“What can I do to make a difference and help save the St. Johns River?”
It’s a question I often get when I speak to civic groups, garden clubs or classes. The answer is relatively simple, and I always answer the same way: You can take care of your own mess, so to speak, and try to think about what and how you use things like water, energy and fertilizer.
While you may think one person doesn’t make that much of a difference, the reality is that every little bit helps. As one of the thousands of people who do reduce their water consumption, or turn off unnecessary lights, or use a little less fertilizer, we can make a big difference. And we save money, too.
Perhaps the best news is that we can usually do these things and not affect what we see as our quality of life. It is a matter of making conservation part of who we are. Think “reduce, reuse or recycle!”
Another way is to join a group because we can do a lot more together than individually. Be it a civic club, like Kiwanis or Rotary, or a garden club (they are not just for women; men can join, too) or a more focused organization like the St. Johns Riverkeeper or Sierra Club. Each has its own role, and you can be as active as you choose.
I continue to be somewhat surprised at the synergy organizations generate. The Marine Science Research Institute at Jacksonville University is home to not only our undergraduate and graduate marine science programs, but also to the Florida Fish and Wildlife Conservation Commission’s Northeast Field Laboratory and the St. Johns Riverkeeper. We all work together, exchanging ideas and expertise.
Recently, the St. Johns Riverkeeper approached me about re-landscaping the front of the MSRI building with native and drought-tolerant plants. The plants we had in place were native and drought-tolerant, but I had to admit, the landscaping could use a makeover.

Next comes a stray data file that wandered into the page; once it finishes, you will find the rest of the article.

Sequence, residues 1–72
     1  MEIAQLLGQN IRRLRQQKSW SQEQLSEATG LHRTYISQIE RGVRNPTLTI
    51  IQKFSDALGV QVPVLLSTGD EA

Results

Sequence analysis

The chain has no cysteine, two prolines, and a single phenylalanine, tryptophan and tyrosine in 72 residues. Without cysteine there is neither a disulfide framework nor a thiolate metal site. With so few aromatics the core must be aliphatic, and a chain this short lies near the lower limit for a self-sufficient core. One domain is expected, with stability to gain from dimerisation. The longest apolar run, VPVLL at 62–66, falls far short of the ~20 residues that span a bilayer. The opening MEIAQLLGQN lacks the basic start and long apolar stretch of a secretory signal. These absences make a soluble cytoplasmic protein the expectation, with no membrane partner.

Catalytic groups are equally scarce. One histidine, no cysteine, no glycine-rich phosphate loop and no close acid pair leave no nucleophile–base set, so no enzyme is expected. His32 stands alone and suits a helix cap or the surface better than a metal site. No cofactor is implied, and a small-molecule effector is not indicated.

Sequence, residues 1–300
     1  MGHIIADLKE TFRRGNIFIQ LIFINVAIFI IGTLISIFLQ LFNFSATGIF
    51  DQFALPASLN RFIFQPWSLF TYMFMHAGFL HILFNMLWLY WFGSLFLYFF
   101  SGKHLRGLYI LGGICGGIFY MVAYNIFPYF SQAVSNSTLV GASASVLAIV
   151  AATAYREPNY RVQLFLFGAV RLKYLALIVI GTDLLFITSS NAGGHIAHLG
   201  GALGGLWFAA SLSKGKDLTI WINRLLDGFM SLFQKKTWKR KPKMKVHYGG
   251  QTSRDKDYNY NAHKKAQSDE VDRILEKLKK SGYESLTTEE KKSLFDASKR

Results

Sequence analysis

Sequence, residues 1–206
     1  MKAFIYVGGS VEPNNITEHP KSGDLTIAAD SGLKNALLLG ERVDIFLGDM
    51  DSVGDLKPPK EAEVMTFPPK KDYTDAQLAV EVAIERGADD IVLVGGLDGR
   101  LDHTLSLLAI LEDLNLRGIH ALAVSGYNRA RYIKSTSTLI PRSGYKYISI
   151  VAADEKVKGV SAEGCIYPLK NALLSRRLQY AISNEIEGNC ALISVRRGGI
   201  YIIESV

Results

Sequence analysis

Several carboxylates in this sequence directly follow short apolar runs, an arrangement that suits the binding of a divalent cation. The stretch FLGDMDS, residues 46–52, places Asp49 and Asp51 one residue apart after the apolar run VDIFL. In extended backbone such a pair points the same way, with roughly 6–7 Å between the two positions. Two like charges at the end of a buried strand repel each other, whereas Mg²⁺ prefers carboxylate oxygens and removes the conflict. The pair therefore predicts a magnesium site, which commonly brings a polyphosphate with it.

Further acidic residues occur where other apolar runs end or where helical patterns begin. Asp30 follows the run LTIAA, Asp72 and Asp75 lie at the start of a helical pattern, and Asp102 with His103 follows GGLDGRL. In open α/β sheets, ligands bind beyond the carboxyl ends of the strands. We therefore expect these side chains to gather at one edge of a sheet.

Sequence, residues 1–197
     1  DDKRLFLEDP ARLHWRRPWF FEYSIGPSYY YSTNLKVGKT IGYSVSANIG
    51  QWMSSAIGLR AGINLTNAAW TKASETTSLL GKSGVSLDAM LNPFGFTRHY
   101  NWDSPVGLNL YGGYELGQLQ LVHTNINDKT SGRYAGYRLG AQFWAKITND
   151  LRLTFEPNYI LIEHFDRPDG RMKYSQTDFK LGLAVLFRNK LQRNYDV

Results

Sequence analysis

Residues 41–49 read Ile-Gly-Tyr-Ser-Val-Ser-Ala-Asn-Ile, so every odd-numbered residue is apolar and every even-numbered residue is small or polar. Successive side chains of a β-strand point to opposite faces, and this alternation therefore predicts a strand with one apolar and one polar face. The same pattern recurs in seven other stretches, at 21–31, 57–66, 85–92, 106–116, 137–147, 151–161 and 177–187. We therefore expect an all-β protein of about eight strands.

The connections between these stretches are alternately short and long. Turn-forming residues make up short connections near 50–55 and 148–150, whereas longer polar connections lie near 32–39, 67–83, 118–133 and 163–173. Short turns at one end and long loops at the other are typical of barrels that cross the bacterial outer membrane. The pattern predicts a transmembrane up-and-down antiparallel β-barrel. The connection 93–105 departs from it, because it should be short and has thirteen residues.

Not long after that, I received a phone call from a friend who was in the Late Bloomers Garden Club. It was looking for a project — and did I have any ideas? What a natural fit. So with a little coordination, we enlisted the help of the Jacksonville Zoo and Gardens to assist one of our honor students to design a new landscaping plan for the MSRI.
As it turned out, Jacksonville University’s Charter Day of Service was coming up — scheduled for April 15. It’s a day of community service by JU students, faculty, staff and alumni. So we asked if the MSRI landscaping project could be part of the day’s events. The project was accepted and so, bright and early that Friday morning, about 25 people from JU, the Late Bloomers Garden Club, St. Johns Riverkeeper and Jacksonville Zoo went to work preparing the beds and planting trees, shrubs and flowering perennials. The number of volunteers grew to about 40 before we finished.
As an added bonus, JU has recently been designated a Tree Campus USA university. So in collaboration with Greenscape and JEA, we also planted 12 charter oaks on the campus. It was all a great example of synergy and working together to do something we could not do individually. And the MSRI has a beautiful new landscaped entrance for others to see what can be done with a little effort.
Ask River Life
When I was growing up, I remember riding in a boat in Mill Cove and the wake glowed. We called it Phosphorescence. What was it?
Yes, when it is really dark, you can sometime still see water giving off light when disturbed. Phosphorescence is a property of some materials to give off light from their “exited” state. For instance, some chemicals will give off light after they have been exposed to bright light. Wristwatch dials are a good example. But what you saw was actually bioluminescence, in which living organisms produce light from a biochemical reaction. These are typically microscopic, but some larger animals also glow in the dark. Sea walnuts or comb jellies, along with some deep sea fish and squid, can produce light. Sometimes the light is produced by bacteria contained in small pouches just underneath the skin. All in all, a fascinating process to see.
River Life runs the last Friday of each month in The Florida Times-Union. E-mail A. Quinton White, executive director of Jacksonville University’s Marine Science Research Institute, with questions about our waterways at firstname.lastname@example.org. For more on the MSRI, visit ju.edu/msri.